The Alternative to Incarceration

The Alternative to Incarceration program has both residential and non-residential components, depending upon an offender's circumstance. Because offenders become part of the Abraham House family in a very real sense, the program is designed to be small and intimate. Currently a maximum of 10 residential and 15 to 20 non-residential offenders can be accommodated at Abraham House at any one time. The minimum length of stay for all participants is one year; the maximum is up to three years.

Abraham House staff work closely with the courts - judges, lawyers, District Attorneys, probation officers - to identify appropriate candidates for the program. In general, candidates are first time offenders who must be prepared to admit their past mistakes and work to turn their lives around. Each candidate undergoes an intensive interview process; generally only one in 10 is accepted into the program. Before a client is accepted, the staff submits a service plan to the court for approval.

Both residential and non-residential offenders attend weekly group counseling sessions. They are also helped to complete their education or job training and must find work and stay employed. Those with severe substance abuse or mental health issues must complete residential programs before entering Abraham House; out patient support can continue while they are here. Community service, both in and outside the home, is required; on weekends offenders participate in group counseling, voluntarily attend religious services, and help prepare the communal meal for families taking part in the Pastoral Program.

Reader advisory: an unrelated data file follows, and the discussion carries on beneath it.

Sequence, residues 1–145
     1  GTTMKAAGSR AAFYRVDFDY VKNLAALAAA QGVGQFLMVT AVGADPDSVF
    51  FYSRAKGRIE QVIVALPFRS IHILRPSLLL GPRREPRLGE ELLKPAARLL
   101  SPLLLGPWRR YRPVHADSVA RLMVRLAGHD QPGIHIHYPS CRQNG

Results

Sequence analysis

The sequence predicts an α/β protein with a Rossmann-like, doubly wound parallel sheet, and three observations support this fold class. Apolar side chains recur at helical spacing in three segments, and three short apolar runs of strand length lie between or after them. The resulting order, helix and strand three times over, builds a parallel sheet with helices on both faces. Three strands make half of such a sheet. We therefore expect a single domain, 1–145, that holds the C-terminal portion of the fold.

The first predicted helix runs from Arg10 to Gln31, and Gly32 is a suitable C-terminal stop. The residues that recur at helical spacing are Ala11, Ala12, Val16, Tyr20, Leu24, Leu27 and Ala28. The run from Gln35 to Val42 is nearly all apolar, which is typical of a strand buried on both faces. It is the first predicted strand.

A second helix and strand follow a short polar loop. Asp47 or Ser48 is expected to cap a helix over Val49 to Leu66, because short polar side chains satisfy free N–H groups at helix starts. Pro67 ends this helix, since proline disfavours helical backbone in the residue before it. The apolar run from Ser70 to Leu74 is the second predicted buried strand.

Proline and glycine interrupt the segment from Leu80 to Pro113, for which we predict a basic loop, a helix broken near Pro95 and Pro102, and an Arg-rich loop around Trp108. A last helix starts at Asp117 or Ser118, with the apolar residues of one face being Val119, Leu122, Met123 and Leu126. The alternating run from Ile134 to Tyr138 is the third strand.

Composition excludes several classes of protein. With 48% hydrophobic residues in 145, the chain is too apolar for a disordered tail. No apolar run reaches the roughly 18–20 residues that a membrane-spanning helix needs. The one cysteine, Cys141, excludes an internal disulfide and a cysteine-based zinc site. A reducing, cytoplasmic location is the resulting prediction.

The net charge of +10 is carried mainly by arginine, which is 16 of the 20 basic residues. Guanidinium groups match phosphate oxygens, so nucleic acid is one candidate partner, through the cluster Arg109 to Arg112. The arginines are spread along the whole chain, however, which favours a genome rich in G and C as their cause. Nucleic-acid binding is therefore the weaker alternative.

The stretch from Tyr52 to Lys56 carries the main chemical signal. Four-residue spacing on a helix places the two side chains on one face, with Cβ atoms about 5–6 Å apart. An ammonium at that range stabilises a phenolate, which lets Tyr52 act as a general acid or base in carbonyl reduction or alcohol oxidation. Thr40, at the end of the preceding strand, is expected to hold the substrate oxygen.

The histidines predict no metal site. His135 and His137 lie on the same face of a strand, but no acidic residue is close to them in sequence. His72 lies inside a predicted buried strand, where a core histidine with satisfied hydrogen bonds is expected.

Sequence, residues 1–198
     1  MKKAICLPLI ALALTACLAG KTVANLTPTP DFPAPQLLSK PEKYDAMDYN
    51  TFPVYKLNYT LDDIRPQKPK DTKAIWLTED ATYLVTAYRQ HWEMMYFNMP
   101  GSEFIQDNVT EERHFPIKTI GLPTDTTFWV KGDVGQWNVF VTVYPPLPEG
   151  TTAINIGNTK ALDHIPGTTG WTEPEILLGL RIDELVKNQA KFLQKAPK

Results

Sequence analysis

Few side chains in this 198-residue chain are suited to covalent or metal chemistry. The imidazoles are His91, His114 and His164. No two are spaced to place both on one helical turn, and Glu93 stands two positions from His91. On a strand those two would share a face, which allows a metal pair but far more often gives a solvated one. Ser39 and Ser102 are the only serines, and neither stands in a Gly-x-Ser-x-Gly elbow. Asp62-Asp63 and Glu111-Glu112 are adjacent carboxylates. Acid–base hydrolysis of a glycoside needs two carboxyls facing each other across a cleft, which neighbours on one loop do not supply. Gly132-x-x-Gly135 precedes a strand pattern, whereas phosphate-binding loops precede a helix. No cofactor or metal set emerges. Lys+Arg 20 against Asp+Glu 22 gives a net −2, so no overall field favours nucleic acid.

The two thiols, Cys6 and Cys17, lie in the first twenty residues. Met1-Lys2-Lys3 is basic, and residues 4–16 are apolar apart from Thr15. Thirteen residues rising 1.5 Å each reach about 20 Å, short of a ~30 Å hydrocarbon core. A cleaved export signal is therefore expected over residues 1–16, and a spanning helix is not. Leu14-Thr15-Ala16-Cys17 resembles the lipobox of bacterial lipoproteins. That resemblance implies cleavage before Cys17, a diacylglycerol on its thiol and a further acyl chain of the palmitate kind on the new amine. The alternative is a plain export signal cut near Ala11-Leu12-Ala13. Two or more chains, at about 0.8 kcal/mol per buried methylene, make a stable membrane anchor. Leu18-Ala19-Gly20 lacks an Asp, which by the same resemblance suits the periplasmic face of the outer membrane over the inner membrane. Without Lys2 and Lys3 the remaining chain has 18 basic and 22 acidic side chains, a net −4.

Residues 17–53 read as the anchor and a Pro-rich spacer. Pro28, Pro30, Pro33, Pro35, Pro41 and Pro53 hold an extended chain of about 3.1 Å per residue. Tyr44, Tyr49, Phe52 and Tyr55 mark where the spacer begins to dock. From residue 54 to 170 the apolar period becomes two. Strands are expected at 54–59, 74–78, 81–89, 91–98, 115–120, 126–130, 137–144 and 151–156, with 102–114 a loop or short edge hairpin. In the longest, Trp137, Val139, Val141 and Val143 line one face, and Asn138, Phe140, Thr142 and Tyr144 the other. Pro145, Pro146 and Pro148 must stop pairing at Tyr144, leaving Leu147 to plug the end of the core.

Abraham House is unique among alternative to incarceration programs because it prepares participants for re-entry from the very first day of the program. Counseling employs the evidence-based Moral Reconation Therapy (MRT) which attempts to guide an individual's judgment and decision making by using reflection and moral reasoning. Participants are encouraged to take financial and emotional responsibility for their families and to contribute to their community.

For many participants, Abraham House is the first family they have ever had, and they must learn how to relate to others, how to trust, and how to accept and give love. As one participant told Sister Simone on his birthday, "No one ever wished me Happy Birthday before." The program is not for everyone, but for those willing to embrace it, Abraham House offers a life-changing experience.



Nationally, more than half of released offenders are back in prison within three years. Bureau of Justice Statistics.

While people in every state and of every race, gender and income level make up the nation's dropouts, the crisis affects low-income youth, males, Hispanics and African-Americans disproportionately. Center for Labor Market Studies.

Strengthening the family network improves outcomes for both the prisoner and the individual family members. Urban Institute, Justice Policy Center.